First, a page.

Even using ITEP’s biased analyses, Massachusetts is more progressive than most states
BOSTON – Proponents of a state constitutional amendment to add a 4 percent surtax on all households with annual income above $1 million frequently cite 2015 data from the Institute on Taxation and Economic Policy, which argues that the Massachusetts tax code is regressive, but a new study published by Pioneer Institute debunks many of the underlying assumptions used in ITEP’s 2015 report.
Among other flaws, the ITEP analysis excludes some of the most progressive elements of the tax code, uses outdated data, and even includes some regressive elements of the federal tax code in a state-level analysis. ITEP also makes broad and dubious assumptions that taxes levied on corporations and landlords are passed on to consumers, tenants, and workers.
Surtax proponents also ignore that ITEP’s most recent tax incidence analysis ranks Massachusetts as having a more progressive state tax code than 29 other states. Massachusetts’ Tax Inequality Index score was -3.10 in 2018, better than the -3.48 average score of the other 49 states and D.C.
“Even ITEP says that, compared to other states, Massachusetts has a relatively progressive tax code,” said Greg Sullivan, who co-authored Are Massachusetts taxes regressive? A common argument for a graduated income tax relies on a deeply flawed and outdated study with Andrew Mikula. “But ITEP’s analysis still relies on some faulty assumptions about who ultimately bears the burden of corporate and property taxes, which make the tax code seem artificially onerous for the poor.”
The new Pioneer study also emphasizes how Massachusetts gets a vastly disproportionate share of income tax revenue from the wealthy. The top 10 percent of Massachusetts taxpayers paid 38.2 percent more than the bottom 90 percent in 2017, and that figure would rise to 68.1 percent more if the surtax passes. The richest 0.5 percent of taxpayers currently pay 24 percent of state income taxes in the Commonwealth, and this would rise to 32.5 percent if the surtax is passed. This is significant because a heavy reliance on the wealthy to fill state coffers has been linked to high revenue volatility and other budget problems.
“An over-reliance on wealthy taxpayers, especially when cyclical revenue streams like capital gains taxes are factored in, can create significant risk for state budget writers during the next recession,” said Pioneer Institute Executive Director Jim Stergios. “Add to that the current trend, whereby Massachusetts is losing almost a billion dollars of wealth a year because of relocations to low- and no-tax states. Then factor in easier job mobility post-pandemic. The sum total is that tax increases are a risky move right now.”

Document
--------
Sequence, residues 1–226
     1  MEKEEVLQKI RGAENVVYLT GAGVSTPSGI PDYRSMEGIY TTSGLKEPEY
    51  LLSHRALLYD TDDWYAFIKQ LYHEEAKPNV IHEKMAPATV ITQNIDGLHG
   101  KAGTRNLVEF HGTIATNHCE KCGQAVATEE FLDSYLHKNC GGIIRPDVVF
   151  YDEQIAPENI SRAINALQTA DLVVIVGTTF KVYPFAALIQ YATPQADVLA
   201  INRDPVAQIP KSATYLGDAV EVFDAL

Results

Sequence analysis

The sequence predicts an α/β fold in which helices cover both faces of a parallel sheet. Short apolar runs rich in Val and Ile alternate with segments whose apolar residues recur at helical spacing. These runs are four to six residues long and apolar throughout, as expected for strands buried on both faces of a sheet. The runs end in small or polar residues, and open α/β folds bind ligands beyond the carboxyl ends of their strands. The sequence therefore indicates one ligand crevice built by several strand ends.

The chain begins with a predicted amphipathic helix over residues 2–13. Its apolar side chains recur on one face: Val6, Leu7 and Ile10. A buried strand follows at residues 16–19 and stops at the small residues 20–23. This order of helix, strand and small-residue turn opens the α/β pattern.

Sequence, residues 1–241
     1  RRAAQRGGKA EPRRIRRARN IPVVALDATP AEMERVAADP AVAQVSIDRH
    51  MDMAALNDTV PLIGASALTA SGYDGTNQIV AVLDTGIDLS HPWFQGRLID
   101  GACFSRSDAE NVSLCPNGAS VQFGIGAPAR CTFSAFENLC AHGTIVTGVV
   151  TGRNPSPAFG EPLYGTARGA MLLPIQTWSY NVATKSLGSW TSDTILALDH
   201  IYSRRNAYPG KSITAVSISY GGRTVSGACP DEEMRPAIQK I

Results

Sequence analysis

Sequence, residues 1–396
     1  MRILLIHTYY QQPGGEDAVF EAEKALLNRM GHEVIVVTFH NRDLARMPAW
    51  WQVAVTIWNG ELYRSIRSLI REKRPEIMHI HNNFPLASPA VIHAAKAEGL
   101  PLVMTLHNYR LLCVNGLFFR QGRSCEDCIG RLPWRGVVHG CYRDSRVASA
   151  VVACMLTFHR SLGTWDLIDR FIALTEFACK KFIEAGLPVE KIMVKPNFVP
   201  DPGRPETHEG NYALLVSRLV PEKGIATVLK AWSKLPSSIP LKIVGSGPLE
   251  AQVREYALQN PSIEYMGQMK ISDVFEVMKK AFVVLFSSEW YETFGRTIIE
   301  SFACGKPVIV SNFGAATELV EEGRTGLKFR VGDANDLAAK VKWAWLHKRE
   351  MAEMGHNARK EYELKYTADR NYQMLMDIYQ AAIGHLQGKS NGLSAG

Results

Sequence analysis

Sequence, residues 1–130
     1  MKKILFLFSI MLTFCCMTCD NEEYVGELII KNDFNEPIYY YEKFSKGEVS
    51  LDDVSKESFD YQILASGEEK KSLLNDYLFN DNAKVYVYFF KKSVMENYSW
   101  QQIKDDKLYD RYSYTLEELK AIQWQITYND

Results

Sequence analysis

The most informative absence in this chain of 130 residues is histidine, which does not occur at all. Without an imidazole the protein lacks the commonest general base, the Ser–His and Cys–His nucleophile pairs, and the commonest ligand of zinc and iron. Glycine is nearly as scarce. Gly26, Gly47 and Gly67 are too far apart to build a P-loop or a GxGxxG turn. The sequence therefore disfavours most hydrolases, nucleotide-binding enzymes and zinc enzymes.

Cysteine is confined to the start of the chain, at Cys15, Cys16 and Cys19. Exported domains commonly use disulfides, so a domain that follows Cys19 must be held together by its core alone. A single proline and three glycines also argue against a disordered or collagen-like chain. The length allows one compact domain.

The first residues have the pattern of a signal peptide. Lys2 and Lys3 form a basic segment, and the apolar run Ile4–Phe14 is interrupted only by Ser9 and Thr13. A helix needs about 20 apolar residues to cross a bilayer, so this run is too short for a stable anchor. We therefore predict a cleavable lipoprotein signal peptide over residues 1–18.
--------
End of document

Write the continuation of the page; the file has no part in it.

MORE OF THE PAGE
Other think tanks have criticized ITEP’s work, including the Tax Foundation, which in 2018 accused ITEP of “cherry-picking” in order to “make every state’s tax code look significantly more regressive” than it actually is.
Pioneer reached out to ITEP to clarify certain aspects of their methodology, but they have failed to respond as of this writing.
About the Authors
Andrew Mikula is Economic Research Analyst at Pioneer Institute. Mr. Mikula was previously a Lovett & Ruth Peters Economic Opportunity Fellow at Pioneer Institute and studied economics at Bates College.
Gregory Sullivan is Pioneer’s Research Director. Prior to joining Pioneer, Sullivan served two five-year terms as Inspector General of the Commonwealth of Massachusetts and was a 17-year member of the Massachusetts House of Representatives. Greg is a Certified Fraud Investigator, and holds degrees from Harvard College, The Kennedy School of Public Administration, and the Sloan School at MIT.
Pioneer’s mission is to develop and communicate dynamic ideas that advance prosperity and a vibrant civic life in Massachusetts and beyond. Pioneer’s vision of success is a state and nation where our people can prosper and our society thrive because we enjoy world-class options in education, healthcare, transportation and economic opportunity, and where our government is limited, accountable and transparent. Pioneer values an America where our citizenry is well-educated and willing to test our beliefs based on facts and the free exchange of ideas, and committed to liberty, personal responsibility, and free enterprise.
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